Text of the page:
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Legal ad migration from newspapers limited to Guilford

A broad bill that would have allowed local governments to stop running legal ads in newspapers in about a dozen cities and counties has been limited to Guilford County.

The House Rules Committee considered Senate Bill 287 Thursday morning, but did not vote.

Under the bill, Guilford and its cities could adopt ordinances allowing them to publish legal notices on government websites rather than in newspapers.

Senate approves government web-only legal ads

The state Senate, with 26-22 vote, gave final approval to a bill that would give select local jurisdictions the option of foregoing publication of legal notices in newspapers in favor of posting them on their own government websites.

The bill would affect Mecklenburg and Guilford counties, most of Wake, and other counties and towns. The bill now goes to the House.

Government legal ads are an important source of income for newspapers, especially small, free community papers. Newspapers print zoning notices, new ordinances, lists of delinquent taxpayers, and post them on their websites.

Sen. Martin Nesbitt, an Asheville Democrat, said the bill creates a confusing patchwork, where residents won't know where to look for government notices. More people read newspaper websites than government sites, he said.

"People are going to be less informed, and I think we're all going to be diminished because of it," said Nesbitt, the Senate minority leader.

Sen. Jim Davis, a Macon County Republican, said government payments shouldn't be part of the business model for newspapers. Local governments should have options for where to place their ads, he said.

"They know what's best for them," Davis said. "We don't in Raleigh."

Pat McCrory is the only new GOP governor in the country

Pat McCrory is the only new Republican governor elected Tuesday -- winning in counties where President Obama claimed victory but not the one where he grew up.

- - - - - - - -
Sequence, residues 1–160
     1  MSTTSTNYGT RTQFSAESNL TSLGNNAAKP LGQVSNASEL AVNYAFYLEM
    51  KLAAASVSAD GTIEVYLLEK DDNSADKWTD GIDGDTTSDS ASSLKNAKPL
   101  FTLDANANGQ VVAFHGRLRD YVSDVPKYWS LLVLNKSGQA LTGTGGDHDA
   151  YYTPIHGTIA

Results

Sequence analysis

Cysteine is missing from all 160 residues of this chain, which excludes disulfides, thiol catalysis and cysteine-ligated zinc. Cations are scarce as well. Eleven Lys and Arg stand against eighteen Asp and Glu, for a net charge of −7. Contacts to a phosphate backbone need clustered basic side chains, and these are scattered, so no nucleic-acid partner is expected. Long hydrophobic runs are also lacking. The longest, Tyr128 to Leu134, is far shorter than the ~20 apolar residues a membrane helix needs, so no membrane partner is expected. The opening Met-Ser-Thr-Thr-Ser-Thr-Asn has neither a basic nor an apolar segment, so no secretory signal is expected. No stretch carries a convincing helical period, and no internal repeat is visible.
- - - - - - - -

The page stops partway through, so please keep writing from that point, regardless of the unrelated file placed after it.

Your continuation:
McCrory acknowledged his outlier win as he thanked his team during a press conference Wednesday. "I think they ran one of the best campaigns ever in North Carolina history and in this nation," he said. "Our campaign strategy worked and it was obviously ... quite unique in the outcome as compared to the rest of the nation."

Munger: State dragging its feet

Mike MungerMike Munger says the state is "dragging its feet" on Libertarian registrations.

The Libertarian gubernatorial nominee and Duke University political science professor tells Dome that the party had more than 13,000 registered voters in 2005.

When the Libertarians lost party status, those voters became unaffiliated, though they should be able to re-register now that it is a party again. But Munger says some of the state's largest boards of elections have not yet posted the forms online to allow it.

"How can we register people as Libertarian when they won't change the forms?" he writes in an e-mail. "The state is intentionally dragging its feet, in violation of the law, and the expressed will of more than 100,000 voters."

As of 8:45 a.m. today, the Wake County board of elections' online form did not include the Libertarian Party, listing only Democratic, Republican and unaffiliated. The Mecklenburg County form and the Guilford County form also lacked the Libertarian option.

The party was recognized in late May, but had only 29 registered members as of this morning.

Smith wins another straw poll

Fred Smith has won another straw poll.

The Republican gubernatorial candidate was the top vote-getter at the Guilford County Lincoln Day Dinner on Saturday.

He picked up 62 votes, while Charlotte Mayor Pat McCrory got 35, former Supreme Court Justice Bob Orr got 14 and Salisbury attorney Bill Graham got two.

Smith has also won straw polls in at least eight counties — Buncombe, Wake, Henderson, Catawba, Rutherford, Cleveland, McDowell and Graham — as well as at the state party's Hall of Fame dinner in Cary.

Orr, meantime, won the Swain County Lincoln-Reagan Day event, where he was keynote speaker.

Update: Smith also won straw polls at the Wayne County and Carteret County conventions. 

Paper jams cause voting problems

Some voting equipment in North Carolina doesn't work well.

The state required paper ballots after a loss of 4,400 votes in Carteret County in 2004. In some cases, counties use hand-marked ballots, but in others they use touch-screen machines with a paper roll similar to a cash-register tape.

But the paper rolls have a tendency to get jammed.

In Guilford County, nine percent of the machines had a paper jam in 2006. Mecklenburg County officials estimated they had 50 or 60 jams.

"It's definitely not as reliable as your cash register tape or your ATM machine," said Joyce McCloy, founder of the N.C. Coalition for Verified Voting. (Char-O)

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